I really enjoyed The Coroner’s Daughter. I think I preferred John Delahunt as the plot seemed more original and unusual, but this book is excellent too. I loved following Abigail around the Dublin of 1816 which, thanks to the gloomy and oppressive weather, is a very atmospheric setting. Our heroine’s investigations take her to a variety of locations from the Lying-In Hospital at the Rotunda to the smart terraced houses of Fitzwilliam Square and a clockmaker’s workshop on Abbey Street – and all of these are vividly described. Although it’s quite a dark story, it’s written with a lot of humour, which was obvious from the very first sentence: For my eighteenth birthday, Father promised me the hand of a handsome young man, which he duly delivered mounted in a glass bell-jar. First sentences can be so important and that one captured my attention immediately!

I found the scientific aspect of the novel particularly interesting. The story takes place at a time when the fanatical religious views of groups such as the Brethren are coming into conflict with the work of scientists such as the astronomer Professor Reeves, a friend of Abigail’s father. As a woman, Abigail faces additional obstacles, as is seen when she is forced to submit one of her reports to a scientific journal under her father’s name in order to get published, and again when she is the only female member of the audience at an astronomy lecture given by Professor Reeves. Mr Lawless does try to encourage his daughter to be more ‘feminine’ but at the same time, not having any sons, there’s the sense that he is only too pleased to have someone to share his knowledge and passion with!

Now I’m hoping Andrew Hughes will write more books about Abigail Lawless. She’s a great character and the way the novel ended makes me think that she could easily be brought back for a sequel. If not, I will look forward to reading whatever he writes next.

Thanks to the publisher for providing a copy of this book for review.

My Commonplace Book: March 2017

Looking back at March’s reading – in words and pictures.

My Commonplace Book

commonplace book
Definition:
noun
a notebook in which quotations, poems, remarks, etc, that catch the owner’s attention are entered

Collins English Dictionary

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My brother buried his resentment that day. But resentment buried is not gone. It is like burying a seed: for a season it may stay hidden in the dark, but in the end, it will always grow. I did not see it, though we were still close, even at that age. I think now that to be too close to someone can be to underestimate them. Grow too close, and you do not see what they are capable of, or you do not see it in time.

The Witchfinder’s Sister by Beth Underdown (2017)

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Nero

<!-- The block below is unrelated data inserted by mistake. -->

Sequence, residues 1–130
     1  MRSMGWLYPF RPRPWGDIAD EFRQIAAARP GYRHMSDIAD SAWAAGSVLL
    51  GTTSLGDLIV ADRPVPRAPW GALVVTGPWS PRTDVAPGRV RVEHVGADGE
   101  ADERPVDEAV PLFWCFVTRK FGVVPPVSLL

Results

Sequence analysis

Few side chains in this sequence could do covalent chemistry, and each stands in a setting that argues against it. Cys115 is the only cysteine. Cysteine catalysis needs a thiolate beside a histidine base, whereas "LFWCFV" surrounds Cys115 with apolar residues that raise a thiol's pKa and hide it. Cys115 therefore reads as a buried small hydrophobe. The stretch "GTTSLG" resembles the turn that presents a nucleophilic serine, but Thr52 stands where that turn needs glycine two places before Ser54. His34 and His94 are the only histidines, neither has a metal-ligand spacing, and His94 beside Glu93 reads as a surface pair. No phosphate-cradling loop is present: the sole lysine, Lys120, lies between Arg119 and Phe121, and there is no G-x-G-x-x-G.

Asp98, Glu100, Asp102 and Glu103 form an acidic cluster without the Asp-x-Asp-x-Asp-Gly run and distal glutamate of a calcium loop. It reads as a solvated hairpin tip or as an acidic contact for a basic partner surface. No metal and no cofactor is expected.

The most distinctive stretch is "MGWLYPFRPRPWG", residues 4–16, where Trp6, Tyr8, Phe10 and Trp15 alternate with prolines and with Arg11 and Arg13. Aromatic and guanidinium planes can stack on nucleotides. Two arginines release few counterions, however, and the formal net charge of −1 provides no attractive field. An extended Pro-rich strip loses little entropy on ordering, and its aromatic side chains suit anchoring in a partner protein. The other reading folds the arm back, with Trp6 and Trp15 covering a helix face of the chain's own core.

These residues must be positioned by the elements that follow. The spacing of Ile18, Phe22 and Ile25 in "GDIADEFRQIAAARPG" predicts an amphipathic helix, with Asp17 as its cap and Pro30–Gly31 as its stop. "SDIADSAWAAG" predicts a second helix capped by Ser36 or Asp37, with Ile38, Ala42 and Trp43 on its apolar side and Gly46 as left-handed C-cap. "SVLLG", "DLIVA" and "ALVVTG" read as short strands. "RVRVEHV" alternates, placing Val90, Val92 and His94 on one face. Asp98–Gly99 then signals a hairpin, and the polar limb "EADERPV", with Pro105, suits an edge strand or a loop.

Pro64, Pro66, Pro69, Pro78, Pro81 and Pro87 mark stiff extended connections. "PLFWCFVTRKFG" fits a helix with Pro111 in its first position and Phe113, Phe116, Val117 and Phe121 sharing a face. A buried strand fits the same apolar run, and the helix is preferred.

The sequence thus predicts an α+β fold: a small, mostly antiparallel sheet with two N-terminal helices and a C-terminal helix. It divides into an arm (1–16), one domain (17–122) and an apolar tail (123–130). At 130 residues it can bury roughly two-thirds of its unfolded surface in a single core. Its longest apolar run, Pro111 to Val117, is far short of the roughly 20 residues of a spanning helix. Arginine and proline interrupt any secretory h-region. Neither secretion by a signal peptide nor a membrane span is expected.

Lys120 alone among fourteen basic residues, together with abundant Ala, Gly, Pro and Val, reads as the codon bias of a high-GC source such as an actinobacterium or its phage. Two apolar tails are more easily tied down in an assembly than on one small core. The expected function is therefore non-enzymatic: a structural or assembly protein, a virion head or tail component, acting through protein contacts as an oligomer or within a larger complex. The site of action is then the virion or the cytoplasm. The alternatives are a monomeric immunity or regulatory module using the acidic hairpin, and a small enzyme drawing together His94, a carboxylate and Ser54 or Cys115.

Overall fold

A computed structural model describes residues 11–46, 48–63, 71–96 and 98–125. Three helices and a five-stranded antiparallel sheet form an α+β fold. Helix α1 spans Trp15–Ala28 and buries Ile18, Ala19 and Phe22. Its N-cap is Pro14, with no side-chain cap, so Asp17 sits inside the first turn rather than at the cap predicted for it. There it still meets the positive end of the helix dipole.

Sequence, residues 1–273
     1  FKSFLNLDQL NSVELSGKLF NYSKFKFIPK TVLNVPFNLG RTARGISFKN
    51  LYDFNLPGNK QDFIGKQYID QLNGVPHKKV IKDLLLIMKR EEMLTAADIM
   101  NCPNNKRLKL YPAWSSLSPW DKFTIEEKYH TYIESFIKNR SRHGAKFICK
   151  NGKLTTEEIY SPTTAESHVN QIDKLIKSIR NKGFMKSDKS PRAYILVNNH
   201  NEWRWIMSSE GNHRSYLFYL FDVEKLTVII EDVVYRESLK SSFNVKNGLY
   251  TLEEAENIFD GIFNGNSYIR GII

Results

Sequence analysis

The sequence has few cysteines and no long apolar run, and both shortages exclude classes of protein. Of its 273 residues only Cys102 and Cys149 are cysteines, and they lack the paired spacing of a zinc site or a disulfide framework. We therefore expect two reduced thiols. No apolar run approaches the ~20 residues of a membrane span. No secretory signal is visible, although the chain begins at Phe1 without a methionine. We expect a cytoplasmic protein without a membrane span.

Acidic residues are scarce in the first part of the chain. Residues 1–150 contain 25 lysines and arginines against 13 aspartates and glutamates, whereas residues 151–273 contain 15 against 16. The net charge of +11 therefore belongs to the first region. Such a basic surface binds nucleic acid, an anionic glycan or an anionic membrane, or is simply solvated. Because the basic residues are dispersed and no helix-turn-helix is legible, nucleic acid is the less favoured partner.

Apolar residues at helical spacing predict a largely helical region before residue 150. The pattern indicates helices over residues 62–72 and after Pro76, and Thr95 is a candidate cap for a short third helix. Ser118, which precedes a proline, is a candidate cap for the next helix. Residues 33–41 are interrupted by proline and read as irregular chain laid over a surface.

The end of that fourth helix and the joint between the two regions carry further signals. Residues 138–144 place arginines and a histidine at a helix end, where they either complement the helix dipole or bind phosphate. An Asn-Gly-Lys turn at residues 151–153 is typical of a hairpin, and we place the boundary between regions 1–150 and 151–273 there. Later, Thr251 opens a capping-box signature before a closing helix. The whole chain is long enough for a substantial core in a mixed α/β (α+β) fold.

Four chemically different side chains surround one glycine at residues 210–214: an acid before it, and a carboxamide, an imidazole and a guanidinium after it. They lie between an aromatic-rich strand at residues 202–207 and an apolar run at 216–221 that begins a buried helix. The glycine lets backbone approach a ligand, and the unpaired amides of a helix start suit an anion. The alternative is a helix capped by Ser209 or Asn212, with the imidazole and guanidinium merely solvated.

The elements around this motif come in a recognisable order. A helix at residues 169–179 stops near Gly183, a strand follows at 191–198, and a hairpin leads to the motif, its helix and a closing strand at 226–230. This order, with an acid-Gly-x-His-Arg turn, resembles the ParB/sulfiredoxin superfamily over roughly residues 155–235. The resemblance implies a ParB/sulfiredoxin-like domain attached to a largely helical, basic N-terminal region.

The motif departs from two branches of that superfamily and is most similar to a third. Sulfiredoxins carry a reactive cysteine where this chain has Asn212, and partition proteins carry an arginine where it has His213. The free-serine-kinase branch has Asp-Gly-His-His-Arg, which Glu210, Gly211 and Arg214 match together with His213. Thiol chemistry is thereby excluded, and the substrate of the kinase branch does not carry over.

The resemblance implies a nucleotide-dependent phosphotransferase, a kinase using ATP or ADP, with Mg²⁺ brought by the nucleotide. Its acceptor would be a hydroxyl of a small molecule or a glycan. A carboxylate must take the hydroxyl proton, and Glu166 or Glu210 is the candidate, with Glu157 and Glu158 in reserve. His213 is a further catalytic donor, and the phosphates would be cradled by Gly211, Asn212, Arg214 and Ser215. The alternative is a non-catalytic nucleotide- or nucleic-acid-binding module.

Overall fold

No one in the training grounds knew who I was. I had taken another name – I called myself Marcus and gave myself a familial name not connected to anyone of importance. No one ever came to watch me, except Anicetus, so people assumed I was an orphan or a ward; in any case, not anyone of importance. I loved the freedom of being nobody. I think all children want this freedom. That does not mean they would be content with it forever.

The Confessions of Young Nero by Margaret George (2017)

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But extracting the stumps and roots almost killed him each time he hacked and dug and pulled and ground. Prying out a stump reminded him of how deeply a tree clung to the ground, how tenacious a hold it had on a place. Though he was not a sentimental man – he did not cry when his children died, he simply dug the graves and buried them – James was silent each time he killed a tree, thinking of its time spent in that spot.

At the Edge of the Orchard by Tracy Chevalier (2016)

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“Autumn-coloured?” said Silence, struck by the aptness of the description. Tabby had a felicity with words which delighted her mother, and often such phrases would emerge casually without, it appeared, much thought, and yet strangely poetic. In her mind’s eye she saw Captain Hellier, his brown and tawny colouring, and smiled. “What a good description – ‘the autumn-coloured man’! Much too good for the likes of him, though, chicken – you’ll have to call him something foul, something more appropriate for him.” She gave Tabitha a sudden, flashing grin, crackling with mischief. “Take your time, and think of a good one.”

Wintercombe by Pamela Belle (1988)

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Sir Christopher Wren

There were diagrams of instruments for grinding glass, illustrations of the lenses of telescopes, and other inventions for pneumatic engines, embroidering by machine, a variety of musical instruments and a weather wheel. He told her that some of his inventions had been put to use over the years while others were still only working models.